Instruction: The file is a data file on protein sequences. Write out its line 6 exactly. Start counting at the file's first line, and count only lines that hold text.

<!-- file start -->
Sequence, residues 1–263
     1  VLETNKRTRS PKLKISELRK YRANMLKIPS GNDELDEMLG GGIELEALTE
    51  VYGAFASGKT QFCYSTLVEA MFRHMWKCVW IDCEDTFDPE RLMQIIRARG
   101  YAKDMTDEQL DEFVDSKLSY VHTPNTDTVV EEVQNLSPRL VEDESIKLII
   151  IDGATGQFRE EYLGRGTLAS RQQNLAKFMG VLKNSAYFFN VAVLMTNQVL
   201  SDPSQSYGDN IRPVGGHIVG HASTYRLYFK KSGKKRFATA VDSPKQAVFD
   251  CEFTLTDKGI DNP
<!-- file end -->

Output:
   201  SDPSQSYGDN IRPVGGHIVG HASTYRLYFK KSGKKRFATA VDSPKQAVFD